A Bill of Loopholes where a Bill of Rights is supposed to be; and
An Imperial Presidency …

… it’s only by the skin of its teeth. In 223 years of mastication, many of the Constitution’s teeth have fallen out, some are impacted, many have cavities requiring root canal, and even the remaining relatively healthy teeth are dulled, loose, and painfully difficult to chew with.

In my lifetime the Constitution is more Poligrip than Politics.

So why — when the Constitution of the United States is clearly in crisis as to whether it can sustain its original intent to “establish Justice, insure domestic Tranquility, provide for the common defence, promote the general Welfare, and secure the Blessings of Liberty to ourselves and our Posterity” — are alternatives offered to try and do the job better looked upon with such fear and loathing?

Well, for one thing, the proposed alternatives have never worked on a large scale before.

Various forms of anarchism have been tried out in microcosmic experiments. The Old Testament tells us of a time before Kings when the Israelites had only Judges.

In his book The Machinery of Freedom David Friedman has written of the ancient Irish túatha where — while you had a king — at least you were free to choose which one you wanted.

There were anarchist-based communes both in Europe and in America. None of them expanded into the general population and few survived into a second generation.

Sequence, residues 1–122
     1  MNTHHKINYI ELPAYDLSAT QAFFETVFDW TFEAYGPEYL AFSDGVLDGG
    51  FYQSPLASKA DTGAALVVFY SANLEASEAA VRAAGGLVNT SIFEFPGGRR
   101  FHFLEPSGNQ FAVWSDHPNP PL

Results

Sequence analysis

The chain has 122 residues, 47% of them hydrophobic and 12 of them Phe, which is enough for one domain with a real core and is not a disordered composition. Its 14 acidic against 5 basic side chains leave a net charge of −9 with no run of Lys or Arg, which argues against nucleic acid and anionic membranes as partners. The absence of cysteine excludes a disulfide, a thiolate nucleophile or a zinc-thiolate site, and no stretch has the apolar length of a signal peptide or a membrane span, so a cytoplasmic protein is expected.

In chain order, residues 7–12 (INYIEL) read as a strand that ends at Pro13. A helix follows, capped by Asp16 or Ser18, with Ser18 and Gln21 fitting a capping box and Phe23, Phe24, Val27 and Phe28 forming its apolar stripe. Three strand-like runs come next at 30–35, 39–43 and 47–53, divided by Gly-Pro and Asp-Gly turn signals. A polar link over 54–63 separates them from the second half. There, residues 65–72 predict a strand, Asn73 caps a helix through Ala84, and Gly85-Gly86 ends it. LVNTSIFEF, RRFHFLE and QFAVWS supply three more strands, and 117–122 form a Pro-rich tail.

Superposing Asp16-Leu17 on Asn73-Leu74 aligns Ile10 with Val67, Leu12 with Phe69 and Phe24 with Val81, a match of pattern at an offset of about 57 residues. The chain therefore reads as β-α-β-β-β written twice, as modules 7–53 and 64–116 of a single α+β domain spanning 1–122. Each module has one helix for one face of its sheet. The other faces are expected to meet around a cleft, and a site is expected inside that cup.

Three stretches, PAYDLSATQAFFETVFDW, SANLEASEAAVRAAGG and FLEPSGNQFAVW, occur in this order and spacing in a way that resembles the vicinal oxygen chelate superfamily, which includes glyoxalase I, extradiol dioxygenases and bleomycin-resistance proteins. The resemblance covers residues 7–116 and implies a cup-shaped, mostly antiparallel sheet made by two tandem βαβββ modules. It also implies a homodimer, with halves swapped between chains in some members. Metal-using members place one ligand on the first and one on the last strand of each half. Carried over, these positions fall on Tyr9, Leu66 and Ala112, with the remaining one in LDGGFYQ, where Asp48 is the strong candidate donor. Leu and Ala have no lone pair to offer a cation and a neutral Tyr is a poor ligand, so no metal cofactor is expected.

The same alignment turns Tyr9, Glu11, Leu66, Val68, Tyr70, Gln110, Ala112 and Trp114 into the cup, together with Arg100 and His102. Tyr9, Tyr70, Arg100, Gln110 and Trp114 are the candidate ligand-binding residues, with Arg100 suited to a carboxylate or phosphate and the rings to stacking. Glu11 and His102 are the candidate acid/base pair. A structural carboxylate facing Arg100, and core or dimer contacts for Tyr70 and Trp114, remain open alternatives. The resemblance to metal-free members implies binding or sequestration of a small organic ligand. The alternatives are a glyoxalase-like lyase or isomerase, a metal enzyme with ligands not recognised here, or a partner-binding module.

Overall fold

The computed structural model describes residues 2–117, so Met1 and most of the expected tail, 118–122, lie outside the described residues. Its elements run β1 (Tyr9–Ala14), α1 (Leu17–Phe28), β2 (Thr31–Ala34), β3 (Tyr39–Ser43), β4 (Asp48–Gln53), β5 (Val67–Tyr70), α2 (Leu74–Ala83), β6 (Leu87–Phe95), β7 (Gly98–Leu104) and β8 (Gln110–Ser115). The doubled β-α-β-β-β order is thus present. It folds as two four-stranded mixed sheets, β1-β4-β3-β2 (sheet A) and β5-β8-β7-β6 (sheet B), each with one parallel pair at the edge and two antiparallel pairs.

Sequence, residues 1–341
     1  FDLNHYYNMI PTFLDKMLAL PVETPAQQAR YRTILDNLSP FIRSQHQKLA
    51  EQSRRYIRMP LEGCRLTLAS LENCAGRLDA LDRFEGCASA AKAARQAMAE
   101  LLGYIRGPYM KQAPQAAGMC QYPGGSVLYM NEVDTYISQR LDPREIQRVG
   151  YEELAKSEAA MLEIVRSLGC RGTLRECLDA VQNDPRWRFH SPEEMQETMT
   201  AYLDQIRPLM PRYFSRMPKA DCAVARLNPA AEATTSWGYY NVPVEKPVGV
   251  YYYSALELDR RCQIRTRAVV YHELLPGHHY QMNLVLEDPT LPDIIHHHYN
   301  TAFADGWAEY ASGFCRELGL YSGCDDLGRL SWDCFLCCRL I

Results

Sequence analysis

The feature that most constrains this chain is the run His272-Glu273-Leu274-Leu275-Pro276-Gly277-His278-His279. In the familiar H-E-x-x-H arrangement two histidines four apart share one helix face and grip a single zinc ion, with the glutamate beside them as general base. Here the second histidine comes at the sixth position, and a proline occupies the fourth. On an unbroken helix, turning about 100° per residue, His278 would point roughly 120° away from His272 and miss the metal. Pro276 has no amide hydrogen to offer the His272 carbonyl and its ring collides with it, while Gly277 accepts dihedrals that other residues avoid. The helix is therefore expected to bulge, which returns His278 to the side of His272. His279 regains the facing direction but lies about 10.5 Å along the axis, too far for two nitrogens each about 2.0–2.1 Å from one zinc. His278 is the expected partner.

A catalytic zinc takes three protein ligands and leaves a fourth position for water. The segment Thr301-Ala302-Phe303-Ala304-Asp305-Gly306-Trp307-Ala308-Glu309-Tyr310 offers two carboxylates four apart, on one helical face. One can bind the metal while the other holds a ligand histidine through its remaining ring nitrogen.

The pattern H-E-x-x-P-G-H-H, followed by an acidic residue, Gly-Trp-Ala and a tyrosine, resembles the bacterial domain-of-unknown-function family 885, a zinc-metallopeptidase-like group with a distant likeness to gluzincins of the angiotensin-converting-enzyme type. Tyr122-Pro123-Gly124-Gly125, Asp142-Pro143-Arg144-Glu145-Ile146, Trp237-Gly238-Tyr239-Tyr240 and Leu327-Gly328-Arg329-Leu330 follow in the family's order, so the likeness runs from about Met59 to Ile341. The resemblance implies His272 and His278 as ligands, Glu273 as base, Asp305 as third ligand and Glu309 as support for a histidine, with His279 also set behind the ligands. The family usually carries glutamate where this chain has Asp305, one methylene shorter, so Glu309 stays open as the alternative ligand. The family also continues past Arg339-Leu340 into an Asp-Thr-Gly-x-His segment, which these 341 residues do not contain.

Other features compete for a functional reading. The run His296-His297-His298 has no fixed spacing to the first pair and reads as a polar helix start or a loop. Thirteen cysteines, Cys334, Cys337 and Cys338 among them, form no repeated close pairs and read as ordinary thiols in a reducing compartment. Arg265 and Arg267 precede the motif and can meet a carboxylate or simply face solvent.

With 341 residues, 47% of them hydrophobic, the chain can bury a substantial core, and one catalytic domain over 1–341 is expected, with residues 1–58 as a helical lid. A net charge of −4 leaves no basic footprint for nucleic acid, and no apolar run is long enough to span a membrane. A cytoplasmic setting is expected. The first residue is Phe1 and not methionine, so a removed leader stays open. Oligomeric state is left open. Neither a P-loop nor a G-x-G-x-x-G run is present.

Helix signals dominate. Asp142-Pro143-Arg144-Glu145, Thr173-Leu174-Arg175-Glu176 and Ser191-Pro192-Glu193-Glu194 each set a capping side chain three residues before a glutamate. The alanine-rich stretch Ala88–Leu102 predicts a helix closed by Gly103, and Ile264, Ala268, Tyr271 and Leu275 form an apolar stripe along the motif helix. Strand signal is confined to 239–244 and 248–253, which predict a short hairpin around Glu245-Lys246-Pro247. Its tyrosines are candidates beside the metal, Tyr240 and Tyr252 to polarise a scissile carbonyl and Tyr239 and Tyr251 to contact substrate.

And — well — historically too darned many high-profile anarchists have in fact been nihilists, trouble-makers, and terrorists.

Yes, yes, yes, I know. There is a rich and peaceful tradition of individualist anarchism, which includes Henry David Thoreau who wrote in his 1849 essay Civil Disobedience:

.I heartily accept the motto, “That government is best which governs least”; and I should like to see it acted up to more rapidly and systematically. Carried out, it finally amounts to this, which also I believe – “That government is best which governs not at all”; and when men are prepared for it, that will be the kind of government which they will have. Government is at best but an expedient; but most governments are usually, and all governments are sometimes, inexpedient.

No less than Mohandas K. Gandhi and Dr. Martin Luther King, Jr., have each attributed their successful uses of non-violent resistance to the anarchist Thoreau.